What are HOA Fees Are and What do They Cover?
Are You Worried About a Home with HOA Fees?
needs, is in excellent condition, and is the right size, in the right location and neighborhood. Your landscaping, entrance, and common areas are always guaranteed to look fabulous because your new home is part of a homeowner’s association (HOA). You can’t even make an excuse to escape working out because the amenities even include a fitness center with active programming for children.
Your community association, or HOA, is part of what is known as a common interest development. In other words, you are responsible for sharing the costs of the maintenance and upkeep of all the great things that you otherwise could not afford on your own – everything from the common areas to the specific amenities. Some examples might include landscaping, snow removal, that excellent workout facility, and the pool and clubhouse.
Your Board of Directors is responsible for setting your HOA fees. Depending on your association, these fees might also be referred to as dues, assessments, or maintenance fees. They decide how much the fees are, what the fees will cover, and how often they need to be paid. Typically, the Board will use the annual association budget to determine each owner’s share to cover the association costs.
The Board members themselves do not profit from association fees. Board members are volunteers and fellow homeowners who are also responsible for their share of the cost. In most cases, an HOA is set up as a corporation (often a nonprofit). If any “extra” fees are collected that are left over after the budget is paid, the income goes back into the operations at the end of the year.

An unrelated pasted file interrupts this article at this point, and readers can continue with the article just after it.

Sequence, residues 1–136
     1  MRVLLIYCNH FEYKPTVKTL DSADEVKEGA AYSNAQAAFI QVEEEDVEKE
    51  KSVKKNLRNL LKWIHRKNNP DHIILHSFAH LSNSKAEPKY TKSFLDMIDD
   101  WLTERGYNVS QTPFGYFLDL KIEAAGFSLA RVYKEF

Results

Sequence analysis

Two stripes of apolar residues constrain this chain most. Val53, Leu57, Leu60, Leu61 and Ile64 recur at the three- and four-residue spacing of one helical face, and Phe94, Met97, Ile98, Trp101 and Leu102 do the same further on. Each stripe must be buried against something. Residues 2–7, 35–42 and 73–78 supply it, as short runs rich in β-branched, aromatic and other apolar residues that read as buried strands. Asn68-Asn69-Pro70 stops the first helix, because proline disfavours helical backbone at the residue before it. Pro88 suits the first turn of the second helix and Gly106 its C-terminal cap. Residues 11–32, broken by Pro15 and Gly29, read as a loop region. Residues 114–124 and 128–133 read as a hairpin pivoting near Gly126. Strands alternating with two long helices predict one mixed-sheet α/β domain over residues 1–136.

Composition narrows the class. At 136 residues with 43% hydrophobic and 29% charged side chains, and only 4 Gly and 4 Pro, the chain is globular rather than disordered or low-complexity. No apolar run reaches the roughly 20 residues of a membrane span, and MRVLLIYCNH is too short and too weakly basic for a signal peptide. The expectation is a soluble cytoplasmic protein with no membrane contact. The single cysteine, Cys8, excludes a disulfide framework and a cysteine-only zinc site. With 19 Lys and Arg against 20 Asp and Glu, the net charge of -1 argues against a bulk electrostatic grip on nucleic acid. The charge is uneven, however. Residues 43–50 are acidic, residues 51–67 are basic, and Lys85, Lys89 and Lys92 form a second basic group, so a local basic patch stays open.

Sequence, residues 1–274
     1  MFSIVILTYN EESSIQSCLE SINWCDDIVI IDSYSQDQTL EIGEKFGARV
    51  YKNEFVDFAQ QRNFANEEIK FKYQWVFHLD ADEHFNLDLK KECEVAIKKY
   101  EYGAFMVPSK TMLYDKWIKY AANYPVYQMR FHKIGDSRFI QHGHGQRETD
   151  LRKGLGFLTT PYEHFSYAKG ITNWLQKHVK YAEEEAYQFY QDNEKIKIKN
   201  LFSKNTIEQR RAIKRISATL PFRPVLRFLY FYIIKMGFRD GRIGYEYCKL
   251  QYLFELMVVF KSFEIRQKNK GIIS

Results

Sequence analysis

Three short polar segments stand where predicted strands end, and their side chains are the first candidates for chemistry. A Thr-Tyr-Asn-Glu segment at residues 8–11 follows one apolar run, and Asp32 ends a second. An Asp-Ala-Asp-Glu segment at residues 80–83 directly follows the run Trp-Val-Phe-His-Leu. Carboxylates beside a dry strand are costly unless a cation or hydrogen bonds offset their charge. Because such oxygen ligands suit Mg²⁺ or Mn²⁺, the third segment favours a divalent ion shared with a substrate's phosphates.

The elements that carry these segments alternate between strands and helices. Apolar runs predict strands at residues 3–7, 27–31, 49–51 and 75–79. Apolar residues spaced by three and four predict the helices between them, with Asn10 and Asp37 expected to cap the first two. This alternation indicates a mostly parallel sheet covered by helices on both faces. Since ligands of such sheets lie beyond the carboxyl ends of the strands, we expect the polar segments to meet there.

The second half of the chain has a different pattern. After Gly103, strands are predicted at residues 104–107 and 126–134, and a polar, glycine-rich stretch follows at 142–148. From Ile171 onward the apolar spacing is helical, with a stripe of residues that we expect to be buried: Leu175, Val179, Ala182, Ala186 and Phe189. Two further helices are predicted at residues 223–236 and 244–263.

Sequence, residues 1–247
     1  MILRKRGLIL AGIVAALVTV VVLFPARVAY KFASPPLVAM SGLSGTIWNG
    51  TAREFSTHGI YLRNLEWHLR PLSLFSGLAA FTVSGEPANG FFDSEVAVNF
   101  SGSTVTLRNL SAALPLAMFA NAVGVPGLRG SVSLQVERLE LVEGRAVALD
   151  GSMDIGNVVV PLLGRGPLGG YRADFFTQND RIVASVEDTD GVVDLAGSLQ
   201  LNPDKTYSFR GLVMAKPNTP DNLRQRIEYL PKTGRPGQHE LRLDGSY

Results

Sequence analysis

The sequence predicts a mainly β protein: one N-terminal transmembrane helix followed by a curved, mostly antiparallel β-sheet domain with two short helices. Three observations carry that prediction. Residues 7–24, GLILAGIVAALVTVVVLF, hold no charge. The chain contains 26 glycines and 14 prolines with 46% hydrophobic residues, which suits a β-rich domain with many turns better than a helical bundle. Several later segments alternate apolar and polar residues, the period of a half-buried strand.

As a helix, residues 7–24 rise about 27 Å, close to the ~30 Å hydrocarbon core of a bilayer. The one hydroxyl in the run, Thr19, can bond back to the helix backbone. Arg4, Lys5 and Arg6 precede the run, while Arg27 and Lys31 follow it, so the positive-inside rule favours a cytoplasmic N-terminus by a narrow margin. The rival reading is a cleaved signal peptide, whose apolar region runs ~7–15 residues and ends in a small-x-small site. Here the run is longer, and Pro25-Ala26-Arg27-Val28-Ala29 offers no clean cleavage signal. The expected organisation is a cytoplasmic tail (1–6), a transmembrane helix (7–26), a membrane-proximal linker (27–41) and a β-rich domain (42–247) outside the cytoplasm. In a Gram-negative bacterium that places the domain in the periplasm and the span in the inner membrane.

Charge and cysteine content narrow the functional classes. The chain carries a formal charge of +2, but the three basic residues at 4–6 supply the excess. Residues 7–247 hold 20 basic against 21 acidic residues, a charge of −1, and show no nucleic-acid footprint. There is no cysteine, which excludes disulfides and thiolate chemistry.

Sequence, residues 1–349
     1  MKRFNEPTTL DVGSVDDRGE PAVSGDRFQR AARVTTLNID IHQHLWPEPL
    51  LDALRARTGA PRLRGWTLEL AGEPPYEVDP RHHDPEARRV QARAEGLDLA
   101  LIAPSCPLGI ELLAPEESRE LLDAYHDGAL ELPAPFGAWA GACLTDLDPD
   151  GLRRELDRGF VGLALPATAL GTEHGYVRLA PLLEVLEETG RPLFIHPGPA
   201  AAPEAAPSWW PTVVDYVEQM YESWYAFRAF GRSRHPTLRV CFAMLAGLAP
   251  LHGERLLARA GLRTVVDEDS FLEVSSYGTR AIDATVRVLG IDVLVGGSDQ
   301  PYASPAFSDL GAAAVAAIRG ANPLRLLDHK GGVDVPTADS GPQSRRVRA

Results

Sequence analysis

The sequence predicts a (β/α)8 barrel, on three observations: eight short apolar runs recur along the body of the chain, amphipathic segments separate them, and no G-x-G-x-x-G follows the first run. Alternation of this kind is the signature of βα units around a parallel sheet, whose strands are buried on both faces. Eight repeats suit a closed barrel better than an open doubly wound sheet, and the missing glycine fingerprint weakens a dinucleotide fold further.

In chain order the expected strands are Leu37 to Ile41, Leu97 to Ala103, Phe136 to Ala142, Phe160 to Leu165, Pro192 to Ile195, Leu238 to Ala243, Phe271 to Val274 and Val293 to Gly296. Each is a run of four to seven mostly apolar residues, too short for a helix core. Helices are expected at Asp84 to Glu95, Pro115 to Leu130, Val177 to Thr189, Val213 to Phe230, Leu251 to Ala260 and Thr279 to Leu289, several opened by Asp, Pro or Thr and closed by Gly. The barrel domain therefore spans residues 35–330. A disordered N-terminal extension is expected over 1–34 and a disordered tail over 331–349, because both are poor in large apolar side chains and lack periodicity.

You probably realize that you have to pay the fees; however, you may not know what the fees are used for. Every association is responsible for documenting its own and unique rules and policies that are best for the homeowners of that particular association. You can find specific answers to your question by reading your association’s governing documents. Even if you do not have questions, it is a great idea to read and understand your association’s governing documents. Knowledge is powerful!
According to Dave Ramsey, a personal money expert, a well-run homeowners association is a blessing. Research shows that being a member of an HOA can increase the value of your property by 4.2%.
“A well-run homeowners association is a blessing.” ~ Dave Ramsey
Here are some common things that association fees typically cover.
- Ongoing maintenance and upkeep of common areas, equipment, systems, and shared amenities cost Money to maintain and repair when needed. Services may include:
- Lawn care
- Snow removal
- Water, plumbing, and sewage systems
- A/C and heating systems
- Electrical system and lighting
- Sanitation system and trash removal
- Security system and gates
- Cleaning, painting, and upkeep of exteriors and common areas, such as hallway walls, carpeting, and clubhouse
- Pest control
- Repair of damaged roofs, interior roads, pipes, elevators, etc., due to age, weather conditions, or other causes
- Maintenance of shared amenities like the pool, fitness equipment, and clubhouse
- Insurance policies To protect your community’s building structures, exteriors, and common property against damage, your association will likely be required to purchase a master insurance policy – plus any other riders and add-ons as required by your community’s location, property type, and other needs, for example, flood insurance. In addition, other common association insurance coverages are liability insurance, theft insurance, and director’s and officer’s insurance. As a homeowner in an association, it’s also a good idea for you to carry your own homeowner’s policy.